At night I would hang out at the café in the square and try to talk farming with everyone who came out for a coffee or wine. The first night, everyone told me they didn’t have seeds and had no interest in speaking with me. However, after I stuck around for awhile and they saw how excited I was to learn my family’s history and help them in their gardens, their hard exteriors began to fade. By the third day, old women were waiting for me on the road to secretly hand me their old seeds. As I ate lunch in their house, they would prepare bags or wild oregano, chamomile, various unknown spices, vegetable seeds, and a piece of pie for the morning. My days were filled with extremes, vacillating between missions to find prostitutes for the old men (something I was forced into) and amazing meals with the village women as they filed my stomach and pockets with their stories and food.
One day, I finally broke away from my companions and walked alone back to the house where my ancestors were from. I stopped along the way to drink coke, coffee, and lemonade with various villagers. In the square I encountered a younger man and explained why I was there. He told me he had heard about me and explained that he was a retired police officer, with the same last name as my great uncle. Instead of welcoming me with open arms, he grilled me about what my father did, where I came from, what my intentions were, etc. Finally, he accepted that I was not lying and showed me into the villages’ museum. It was very exciting to see a wall covered with photos and drawings of many of my ancient relatives. I was most enthralled by the old agricultural tools, and images of what life was like here before the mass migrations. The visit to the museum truly capped my time here as it allowed me to learn about the history of my family and accept my current existence and passions which shaped my life more than the name of my great grandfather.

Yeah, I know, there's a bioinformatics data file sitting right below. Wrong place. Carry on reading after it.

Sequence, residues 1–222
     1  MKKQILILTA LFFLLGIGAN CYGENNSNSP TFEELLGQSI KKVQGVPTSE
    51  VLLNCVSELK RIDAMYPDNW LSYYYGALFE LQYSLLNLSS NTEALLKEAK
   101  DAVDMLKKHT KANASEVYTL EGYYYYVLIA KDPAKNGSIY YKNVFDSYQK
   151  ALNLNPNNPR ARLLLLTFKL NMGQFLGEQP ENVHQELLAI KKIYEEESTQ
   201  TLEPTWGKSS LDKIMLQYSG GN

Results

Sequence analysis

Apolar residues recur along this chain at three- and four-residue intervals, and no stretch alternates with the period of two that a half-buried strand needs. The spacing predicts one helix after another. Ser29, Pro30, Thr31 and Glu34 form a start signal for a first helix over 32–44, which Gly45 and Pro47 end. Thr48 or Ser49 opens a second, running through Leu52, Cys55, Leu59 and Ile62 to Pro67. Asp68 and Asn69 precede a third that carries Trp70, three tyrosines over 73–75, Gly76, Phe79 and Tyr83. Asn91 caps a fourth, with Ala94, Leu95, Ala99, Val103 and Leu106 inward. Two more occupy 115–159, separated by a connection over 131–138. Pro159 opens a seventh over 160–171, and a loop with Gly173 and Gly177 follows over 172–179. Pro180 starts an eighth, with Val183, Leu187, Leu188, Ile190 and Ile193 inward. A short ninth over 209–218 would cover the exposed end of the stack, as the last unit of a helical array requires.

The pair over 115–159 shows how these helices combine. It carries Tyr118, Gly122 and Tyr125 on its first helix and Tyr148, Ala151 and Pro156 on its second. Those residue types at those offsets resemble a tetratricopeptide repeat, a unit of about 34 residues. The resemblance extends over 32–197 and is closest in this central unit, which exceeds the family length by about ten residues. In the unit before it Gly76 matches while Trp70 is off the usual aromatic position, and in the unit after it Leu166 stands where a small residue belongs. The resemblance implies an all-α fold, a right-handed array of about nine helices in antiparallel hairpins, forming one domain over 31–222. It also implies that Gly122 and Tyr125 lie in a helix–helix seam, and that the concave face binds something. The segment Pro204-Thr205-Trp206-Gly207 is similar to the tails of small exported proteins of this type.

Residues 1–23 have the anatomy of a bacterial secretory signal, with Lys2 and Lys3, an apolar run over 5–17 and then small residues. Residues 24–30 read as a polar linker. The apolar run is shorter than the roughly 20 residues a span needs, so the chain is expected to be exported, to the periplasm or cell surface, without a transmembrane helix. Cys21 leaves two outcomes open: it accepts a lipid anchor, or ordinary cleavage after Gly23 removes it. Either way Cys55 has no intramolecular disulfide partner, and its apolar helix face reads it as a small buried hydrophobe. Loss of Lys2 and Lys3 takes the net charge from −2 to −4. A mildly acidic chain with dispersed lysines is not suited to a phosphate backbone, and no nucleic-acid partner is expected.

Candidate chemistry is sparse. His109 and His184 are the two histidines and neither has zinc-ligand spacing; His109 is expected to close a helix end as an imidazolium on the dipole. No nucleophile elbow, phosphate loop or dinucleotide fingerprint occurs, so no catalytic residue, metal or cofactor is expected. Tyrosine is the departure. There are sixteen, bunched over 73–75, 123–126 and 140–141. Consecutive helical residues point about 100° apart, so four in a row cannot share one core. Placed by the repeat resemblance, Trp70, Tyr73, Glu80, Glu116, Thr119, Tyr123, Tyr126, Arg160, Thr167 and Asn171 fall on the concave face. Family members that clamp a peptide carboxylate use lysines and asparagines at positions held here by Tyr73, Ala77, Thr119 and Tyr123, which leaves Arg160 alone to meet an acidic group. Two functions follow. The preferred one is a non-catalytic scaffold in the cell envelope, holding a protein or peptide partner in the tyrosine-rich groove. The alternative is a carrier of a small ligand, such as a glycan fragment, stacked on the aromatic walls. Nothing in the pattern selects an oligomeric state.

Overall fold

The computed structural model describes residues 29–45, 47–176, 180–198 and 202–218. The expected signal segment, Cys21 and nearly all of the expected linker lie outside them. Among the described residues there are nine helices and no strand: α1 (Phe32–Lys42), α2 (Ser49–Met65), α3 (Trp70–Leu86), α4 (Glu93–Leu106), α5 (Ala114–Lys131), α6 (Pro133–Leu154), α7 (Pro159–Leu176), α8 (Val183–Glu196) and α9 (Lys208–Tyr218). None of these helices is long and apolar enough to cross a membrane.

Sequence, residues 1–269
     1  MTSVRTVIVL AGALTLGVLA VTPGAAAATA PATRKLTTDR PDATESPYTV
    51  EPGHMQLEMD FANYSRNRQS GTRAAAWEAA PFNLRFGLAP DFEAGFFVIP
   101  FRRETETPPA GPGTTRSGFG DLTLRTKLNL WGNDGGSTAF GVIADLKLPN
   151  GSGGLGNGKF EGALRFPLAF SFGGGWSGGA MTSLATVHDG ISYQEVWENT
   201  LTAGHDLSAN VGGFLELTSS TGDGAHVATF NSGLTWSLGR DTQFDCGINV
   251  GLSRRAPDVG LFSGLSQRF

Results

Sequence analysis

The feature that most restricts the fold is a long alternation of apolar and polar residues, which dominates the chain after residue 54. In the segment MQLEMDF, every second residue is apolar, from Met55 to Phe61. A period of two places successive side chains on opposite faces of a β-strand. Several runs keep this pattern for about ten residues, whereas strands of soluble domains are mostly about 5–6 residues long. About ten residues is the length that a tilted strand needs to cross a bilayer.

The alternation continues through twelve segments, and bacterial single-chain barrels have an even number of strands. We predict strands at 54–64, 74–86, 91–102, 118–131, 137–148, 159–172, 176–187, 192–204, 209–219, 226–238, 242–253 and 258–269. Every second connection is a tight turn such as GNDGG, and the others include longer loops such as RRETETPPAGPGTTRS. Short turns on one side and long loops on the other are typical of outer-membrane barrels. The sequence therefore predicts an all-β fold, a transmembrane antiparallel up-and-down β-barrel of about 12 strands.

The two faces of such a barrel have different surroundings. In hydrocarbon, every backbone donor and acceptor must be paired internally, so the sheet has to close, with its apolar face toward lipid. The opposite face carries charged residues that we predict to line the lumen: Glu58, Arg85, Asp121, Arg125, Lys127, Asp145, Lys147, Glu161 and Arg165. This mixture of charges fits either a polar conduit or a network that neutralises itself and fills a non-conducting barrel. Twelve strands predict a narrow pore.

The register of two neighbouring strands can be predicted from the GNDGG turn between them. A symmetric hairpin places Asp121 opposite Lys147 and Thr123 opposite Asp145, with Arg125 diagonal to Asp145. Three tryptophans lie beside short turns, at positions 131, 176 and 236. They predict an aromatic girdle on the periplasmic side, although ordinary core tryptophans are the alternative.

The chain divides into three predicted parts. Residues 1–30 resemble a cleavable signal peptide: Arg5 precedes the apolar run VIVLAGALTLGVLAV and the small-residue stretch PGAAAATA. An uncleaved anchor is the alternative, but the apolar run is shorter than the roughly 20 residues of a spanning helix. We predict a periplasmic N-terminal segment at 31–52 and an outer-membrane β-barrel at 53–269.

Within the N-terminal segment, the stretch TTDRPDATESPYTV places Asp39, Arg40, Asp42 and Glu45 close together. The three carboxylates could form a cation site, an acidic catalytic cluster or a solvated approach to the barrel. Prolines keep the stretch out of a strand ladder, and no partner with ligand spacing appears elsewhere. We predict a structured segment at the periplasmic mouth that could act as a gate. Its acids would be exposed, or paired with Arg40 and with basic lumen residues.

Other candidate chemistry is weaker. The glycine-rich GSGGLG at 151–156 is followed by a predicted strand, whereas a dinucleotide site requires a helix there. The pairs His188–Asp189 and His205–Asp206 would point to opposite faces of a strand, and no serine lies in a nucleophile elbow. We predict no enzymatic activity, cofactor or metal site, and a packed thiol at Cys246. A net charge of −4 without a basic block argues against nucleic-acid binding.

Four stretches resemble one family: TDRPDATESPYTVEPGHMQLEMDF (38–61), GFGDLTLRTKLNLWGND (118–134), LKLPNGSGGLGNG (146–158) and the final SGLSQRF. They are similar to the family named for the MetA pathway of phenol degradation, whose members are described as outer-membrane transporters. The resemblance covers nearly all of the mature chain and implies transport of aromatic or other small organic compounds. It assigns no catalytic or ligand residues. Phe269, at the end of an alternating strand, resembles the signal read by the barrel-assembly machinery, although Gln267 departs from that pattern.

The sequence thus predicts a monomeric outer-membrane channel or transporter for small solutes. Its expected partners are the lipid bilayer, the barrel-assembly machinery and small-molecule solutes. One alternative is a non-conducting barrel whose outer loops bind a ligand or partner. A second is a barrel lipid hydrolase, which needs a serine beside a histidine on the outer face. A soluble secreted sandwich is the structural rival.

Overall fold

After a week I finally decided to leave George’s house and continue onwards. I was sad to leave the rolling hills and the kind old women, but happy to break free from the pressure of the fat, souvlaki-eating, chain-smoking, horny Greek men. I had heard about a beautiful mountainous area nearby, so I decided to head there. Luckily, I just barely made both buses and ended up in Dimitsana. With a small backpack and an excitement to be alone again I hit the trail, following signs for the river. After about an hour of frolicking joyously down the valley, I heard somebody yelling in English for me to join them for coffee. I had stumbled upon another Greek man who had been America for years and now returned to his home village. I gobbled down coffee, goat meat, various cheeses and breads, two types of Greek liquor, and two local sweets. I then hit the mountainous trail again, embracing the ironies of my Greek adventure as my stomach rumbled in confusion. As the sun was setting a German man honked his car from the road and asked me if I was headed to the monastery. I had no idea there was a monastery, but told him yes anyway. He gave me a ride to the end of the road. I was blown away by this ancient monastery built into the rocky hills. Before entering the impressive structure I wondered through the gardens and then stumbled into a cave. To my surprise the cave was filled with praying monks. One monk stood up and strictly scolded me. All I understood was, “Never enter the cave, Never!” (another lesson learned in Greece).
For the next days I hiked up and down the river trail, entering every ancient monastery I could find, bathing in the river when I got hot. The Greeks I passed or monks I met asked me where I was going and where I would sleep that night. When I answered I don’t know in Greek, they were taken aback and asked at least another 5 times, thinking that I didn’t understand the question (when someone doesn’t understand our language we often yelling – thinking this will help). The truth was that I had no idea. For two days I slept under the stars in between the trail and the river. I hid myself from passing people, fell asleep to the sound of monks praying, and woke to the loud gong at 5 am. It was a time for thinking and enjoying being alone. When I got lonely or tired I simply took out the bag of seeds and fondled each one gently, remembering the old woman who had slipped them into my pocket and dreaming of all those who had grown this variety and cooked it.